I knock at the door and wait. Everything is quiet beyond the peephole. I knock again. Silence. Finally, I bend, insert the key card into the lock, the the door is abruptly yanked open from the inside.

Off-balance, with the key still slotted into the lock, I stumble forward into the room. As I attempt to free myself, I look up into the blood-shot, raccoon-ringed, eyes of a pale woman. Her long, oatmeal-colored hair is straggling around her face, some of it sticking to the skin of her cheek and jaw. She’s wearing jeans, and some neutral-toned sweatshirt, but it’s the beer bottle she’s holding like a club that really catches my eye.

I scramble upright and step back into the hall. “Front desk!” I exclaim as officiously as possible. The words have proven to be a protective incantation for me before. They work again, and she lowers the bottle. She deflates from threatening to nervous. Fresh tears drag more mascara onto her cheeks.

My own cheeks, and my ears, are burning. My initial fear is subsiding but it’s being replaced by another, equally awful emotion – pity. I tug the armor that is a hotel desk clerk’s persona tighter around me and grit my teeth into a smile. “I’m sorry to ask you, ma’m,” I say, “but are you the registered guest for this room?”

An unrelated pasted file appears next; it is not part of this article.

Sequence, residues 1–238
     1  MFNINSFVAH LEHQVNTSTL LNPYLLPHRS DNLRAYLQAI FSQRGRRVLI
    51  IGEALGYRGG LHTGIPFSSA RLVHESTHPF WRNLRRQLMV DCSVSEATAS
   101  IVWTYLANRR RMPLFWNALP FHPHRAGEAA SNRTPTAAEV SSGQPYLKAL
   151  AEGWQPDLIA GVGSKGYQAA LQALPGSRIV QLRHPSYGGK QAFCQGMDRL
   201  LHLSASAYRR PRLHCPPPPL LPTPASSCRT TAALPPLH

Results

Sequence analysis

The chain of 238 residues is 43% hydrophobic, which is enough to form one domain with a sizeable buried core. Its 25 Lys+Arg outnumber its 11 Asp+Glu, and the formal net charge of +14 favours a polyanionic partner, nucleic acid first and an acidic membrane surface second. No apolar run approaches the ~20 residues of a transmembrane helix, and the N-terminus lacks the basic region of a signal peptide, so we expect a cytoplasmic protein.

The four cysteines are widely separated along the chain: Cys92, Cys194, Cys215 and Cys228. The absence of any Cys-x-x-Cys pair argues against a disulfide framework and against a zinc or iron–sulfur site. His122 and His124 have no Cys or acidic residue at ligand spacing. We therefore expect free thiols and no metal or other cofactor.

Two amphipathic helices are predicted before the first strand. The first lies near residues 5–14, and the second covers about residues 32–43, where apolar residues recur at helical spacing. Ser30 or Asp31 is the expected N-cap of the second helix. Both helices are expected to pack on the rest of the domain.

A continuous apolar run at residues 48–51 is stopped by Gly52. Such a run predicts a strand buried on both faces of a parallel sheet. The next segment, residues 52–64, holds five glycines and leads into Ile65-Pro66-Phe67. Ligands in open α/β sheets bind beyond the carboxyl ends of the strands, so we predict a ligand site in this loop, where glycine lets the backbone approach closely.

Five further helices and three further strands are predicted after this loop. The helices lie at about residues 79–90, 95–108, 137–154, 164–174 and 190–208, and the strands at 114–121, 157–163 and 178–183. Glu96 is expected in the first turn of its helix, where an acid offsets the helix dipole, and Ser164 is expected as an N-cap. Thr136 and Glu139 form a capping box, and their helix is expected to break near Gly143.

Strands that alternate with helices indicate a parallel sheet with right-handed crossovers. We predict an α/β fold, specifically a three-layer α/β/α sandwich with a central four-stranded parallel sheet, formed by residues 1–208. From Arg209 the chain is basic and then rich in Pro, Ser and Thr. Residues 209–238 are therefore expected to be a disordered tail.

“Ah. Um. No. But it’s my boyfriend’s room. We stay here all the time together. You’ve probably seen us together here before. I mean, we are–“

“I’m sorry to tell you, ma’m, that the registered guest has informed me that no one is supposed to be in his room. I’m afraid you’ll have to leave.”

She didn’t fight me. (Though she did continue to reassure me that this was all a big misunderstanding.) I asked her how she had accessed the room and she pulled a key card from her pocket. “He gave me the key this morning.” After she retrieved her bag and her smokes, she allowed me to escort her out of the building.

Of course I had to call the registered guest back. He admitted that this was “a crazy-X thing,” but insisted he had never given her a key and that she must have worked some kind of magic to gain access to his room.

As far as I know, no one will be staying in that room tonight, even though it has been paid for. He said he expected to stop and gather his possessions in the morning.

Such is life at:


Triggering hypomania in search of the muse.

A couple of weeks ago, I signed up for Camp NaNoWriMo in April. I didn’t even know there was such a thing, until I got an email invitation to participate. The atmosphere for camp events appears more relaxed than November’s nano. You can set your own word count goals.You can continue an existing manuscript.  You can revise and/or edit, as long as you can come up with a fair equation for comparing such work to raw prose generation.